A mother's essay: "Just Once, I’d Like Someone to Take Care of Me"
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13-02-2016, 02:29 PM
A mother's essay: "Just Once, I’d Like Someone to Take Care of Me"
http://www.babble.com/relationships/just...are-of-me/

This is definitely one of the most powerful articles I've read in recent times and it shows that the woman who wrote it is a talented writer. I can only imagine how much her writing will resonate with anyone in a similar situation since it already impacted me, someone who is neither a mother nor married, in a profound way. I do recognize her struggles from an outsider's perspective, though: That of my own mother. My father was unfortunately, partly due to his own faults and partly due to his disability, very much like the man who was mentioned in this article. It didn't matter that she was sick or stressed out or had a fight, she had to take care of him, my siblings and me every day, no matter what. Mothers are some of the strongest people there are and it's shameful that so many of them have to endure their struggles either alone, without a network of support, and/or without ever getting a break.

I hope with all my heart that I'm going to be a much better husband to my future wife than my father and the man this woman decided to marry married was.

To all the mothers and wives on TTA: I'd love to hear your thoughts on this essay, especially in comparison to your own experiences.

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13-02-2016, 03:08 PM
RE: A mother's essay: "Just Once, I’d Like Someone to Take Care of Me"
I really can't relate to most of it. My husband, while refusing to celebrate holidays like Valentines Day or Mother's Day, is actually rather considerate. More than once, when I've been unwell, he's completely stepped up -- and didn't complain either.

He does very often place my needs or the needs of our family ahead of his own. I, in return, take care of him, to make his life easier. (A good woman should make your dick hard, not your life)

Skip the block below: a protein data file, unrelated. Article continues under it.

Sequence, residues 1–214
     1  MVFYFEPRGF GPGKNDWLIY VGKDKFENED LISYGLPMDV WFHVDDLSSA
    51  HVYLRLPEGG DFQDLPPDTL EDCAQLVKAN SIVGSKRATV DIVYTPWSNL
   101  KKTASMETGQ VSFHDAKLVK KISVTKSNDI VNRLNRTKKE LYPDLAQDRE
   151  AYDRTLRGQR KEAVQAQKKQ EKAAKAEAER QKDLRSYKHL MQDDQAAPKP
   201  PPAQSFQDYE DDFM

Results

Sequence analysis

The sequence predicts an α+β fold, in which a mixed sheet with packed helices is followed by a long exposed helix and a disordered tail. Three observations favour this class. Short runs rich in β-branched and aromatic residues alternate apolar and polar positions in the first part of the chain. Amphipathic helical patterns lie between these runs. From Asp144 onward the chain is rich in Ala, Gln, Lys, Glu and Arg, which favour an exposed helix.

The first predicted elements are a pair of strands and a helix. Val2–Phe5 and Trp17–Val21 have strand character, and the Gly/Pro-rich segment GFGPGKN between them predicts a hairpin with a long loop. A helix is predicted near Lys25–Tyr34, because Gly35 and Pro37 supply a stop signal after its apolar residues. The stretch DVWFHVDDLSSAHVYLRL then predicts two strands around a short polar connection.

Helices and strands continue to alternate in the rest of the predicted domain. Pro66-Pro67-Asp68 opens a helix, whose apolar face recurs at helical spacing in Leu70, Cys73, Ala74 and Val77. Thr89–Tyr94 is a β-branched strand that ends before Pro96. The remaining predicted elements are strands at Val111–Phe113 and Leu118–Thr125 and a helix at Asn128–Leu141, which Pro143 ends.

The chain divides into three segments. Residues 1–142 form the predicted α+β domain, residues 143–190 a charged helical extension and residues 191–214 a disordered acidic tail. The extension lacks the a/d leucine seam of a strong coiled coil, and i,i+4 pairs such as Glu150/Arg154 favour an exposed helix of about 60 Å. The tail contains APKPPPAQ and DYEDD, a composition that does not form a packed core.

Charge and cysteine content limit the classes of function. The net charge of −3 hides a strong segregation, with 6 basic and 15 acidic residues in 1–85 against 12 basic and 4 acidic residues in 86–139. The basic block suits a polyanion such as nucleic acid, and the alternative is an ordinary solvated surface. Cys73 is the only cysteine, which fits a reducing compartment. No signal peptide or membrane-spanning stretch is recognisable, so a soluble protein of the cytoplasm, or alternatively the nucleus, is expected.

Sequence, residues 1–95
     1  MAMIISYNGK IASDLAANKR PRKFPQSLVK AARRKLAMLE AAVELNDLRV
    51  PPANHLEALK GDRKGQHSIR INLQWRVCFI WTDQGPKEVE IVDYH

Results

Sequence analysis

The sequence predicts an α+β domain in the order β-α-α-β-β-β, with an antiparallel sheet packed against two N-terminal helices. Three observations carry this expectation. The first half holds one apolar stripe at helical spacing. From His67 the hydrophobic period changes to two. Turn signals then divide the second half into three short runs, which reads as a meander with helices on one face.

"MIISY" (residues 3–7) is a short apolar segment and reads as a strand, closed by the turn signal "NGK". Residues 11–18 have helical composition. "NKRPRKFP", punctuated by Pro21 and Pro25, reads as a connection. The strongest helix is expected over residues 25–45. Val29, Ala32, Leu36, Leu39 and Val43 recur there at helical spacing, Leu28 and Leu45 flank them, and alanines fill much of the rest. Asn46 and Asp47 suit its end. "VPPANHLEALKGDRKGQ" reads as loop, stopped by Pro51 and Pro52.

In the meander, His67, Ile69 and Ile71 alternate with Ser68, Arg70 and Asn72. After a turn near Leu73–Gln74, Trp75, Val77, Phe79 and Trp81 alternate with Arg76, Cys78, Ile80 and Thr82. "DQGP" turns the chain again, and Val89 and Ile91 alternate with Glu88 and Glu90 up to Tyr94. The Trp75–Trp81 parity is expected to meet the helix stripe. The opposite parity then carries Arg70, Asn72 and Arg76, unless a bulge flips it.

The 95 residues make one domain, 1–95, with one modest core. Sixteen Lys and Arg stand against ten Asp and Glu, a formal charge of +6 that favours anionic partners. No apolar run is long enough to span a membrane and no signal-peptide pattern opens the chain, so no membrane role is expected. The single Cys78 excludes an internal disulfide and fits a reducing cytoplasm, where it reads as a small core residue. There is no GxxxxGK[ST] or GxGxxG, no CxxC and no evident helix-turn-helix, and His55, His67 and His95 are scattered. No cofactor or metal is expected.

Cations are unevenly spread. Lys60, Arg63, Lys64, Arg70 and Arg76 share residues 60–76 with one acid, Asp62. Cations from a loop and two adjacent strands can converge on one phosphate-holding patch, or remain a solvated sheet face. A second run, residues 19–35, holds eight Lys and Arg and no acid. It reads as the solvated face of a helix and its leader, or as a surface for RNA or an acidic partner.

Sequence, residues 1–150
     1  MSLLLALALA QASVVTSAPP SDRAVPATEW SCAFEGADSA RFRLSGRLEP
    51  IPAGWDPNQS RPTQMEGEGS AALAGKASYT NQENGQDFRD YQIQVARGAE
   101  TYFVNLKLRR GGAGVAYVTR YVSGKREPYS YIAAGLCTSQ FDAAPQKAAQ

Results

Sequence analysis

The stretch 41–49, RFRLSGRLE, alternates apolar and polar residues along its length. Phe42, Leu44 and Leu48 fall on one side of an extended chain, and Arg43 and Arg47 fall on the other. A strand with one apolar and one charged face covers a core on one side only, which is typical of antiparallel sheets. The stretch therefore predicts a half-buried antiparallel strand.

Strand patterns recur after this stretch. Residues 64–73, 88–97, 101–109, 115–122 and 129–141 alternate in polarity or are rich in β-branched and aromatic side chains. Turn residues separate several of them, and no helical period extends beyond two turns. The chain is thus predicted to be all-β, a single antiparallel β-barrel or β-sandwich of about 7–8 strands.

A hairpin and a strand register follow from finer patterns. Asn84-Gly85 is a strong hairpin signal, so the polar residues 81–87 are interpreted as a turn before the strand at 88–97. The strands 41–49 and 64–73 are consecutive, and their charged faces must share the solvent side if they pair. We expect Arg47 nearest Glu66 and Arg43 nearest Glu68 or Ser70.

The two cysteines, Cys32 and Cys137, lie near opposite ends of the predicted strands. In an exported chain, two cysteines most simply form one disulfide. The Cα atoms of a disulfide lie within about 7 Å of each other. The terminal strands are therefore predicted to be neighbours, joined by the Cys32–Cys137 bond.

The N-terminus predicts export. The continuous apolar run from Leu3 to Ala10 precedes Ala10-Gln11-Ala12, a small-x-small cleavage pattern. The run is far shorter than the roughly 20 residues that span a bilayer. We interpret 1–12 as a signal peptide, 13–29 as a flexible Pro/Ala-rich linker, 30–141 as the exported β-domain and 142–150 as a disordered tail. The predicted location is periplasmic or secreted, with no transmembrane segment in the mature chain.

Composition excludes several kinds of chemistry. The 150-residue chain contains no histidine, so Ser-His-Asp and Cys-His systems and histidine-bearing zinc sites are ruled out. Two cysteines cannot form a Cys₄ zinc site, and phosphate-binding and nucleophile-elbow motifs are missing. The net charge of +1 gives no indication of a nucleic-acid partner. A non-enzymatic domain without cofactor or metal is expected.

One thing I've learned in nearly 27 years of marriage is that you're marrying an already complete person. They might change on their own (ideals do change) but you can't change or fix things about them or go into with the idea that you can.

If they're slightly inconsiderate or selfish, it's not very likely to ever change and might cause friction or resentment later on.


But as if to knock me down, reality came around
And without so much as a mere touch, cut me into little pieces

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13-02-2016, 03:24 PM
RE: A mother's essay: "Just Once, I’d Like Someone to Take Care of Me"
I cried through the entire article. Hurts too much to go into detail. Ok, fine, still crying.

I felt like I was a caged bird when I was married. I had to give up a lot for my freedom.

"Your mother loves your father, 'cause she's got nowhere to go"
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"If there's a single thing that life teaches us, it's that wishing doesn't make it so." - Lev Grossman
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13-02-2016, 03:32 PM
RE: A mother's essay: "Just Once, I’d Like Someone to Take Care of Me"
Like Moms, I have a hard time relating to the essayist.

There's a bunch of martyr moms that I know who complain that their husband never helps with tasks or supports them, but when probed a bit further, those moms have actually refused to let their husbands, or kids, help because they do things "wrong." When my husband does the dishes he puts the plates in the rack the opposite of the way I do; when he folds the laundry he puts the clothes in a different order; when he balances the checkbook he puts dashes instead of 00s; when he takes my son to his music lessons he goes to Starbucks while I sit in the lounge and wait. I don't care, but I know women who do, who decide to do all of the dishes and other tasks themselves, and then feel stressed and put-upon because of that. My sympathy for women who put themselves in such a position and then whine about it is limited, at best.

I have been the chief child wrangler in our household, the one who writes stuff on the calendar, does more of the teacher conferences and doctors and therapists appointments. Our child, now 18, is autistic, there have been a lot of appointments, and I was the person who changed careers to a more flexible one so that we could manage our kid, but my husband has always been a part of the process and has made his own sacrifices that are equivalent to mine. He does as much housework as I do, has gone to some of the teacher conferences, drives our son to some of his weekly appointments and rehearsals, and a lot more.

We support each other without having to guilt one another into that. Fortunately (so far) when one of us is at the breaking point, the other is not.

I can understand why the essay writer feels stressed, but I feel she's contributing to much of her own misery and suggest that she stand up for herself with her family and ask for the help she needs.
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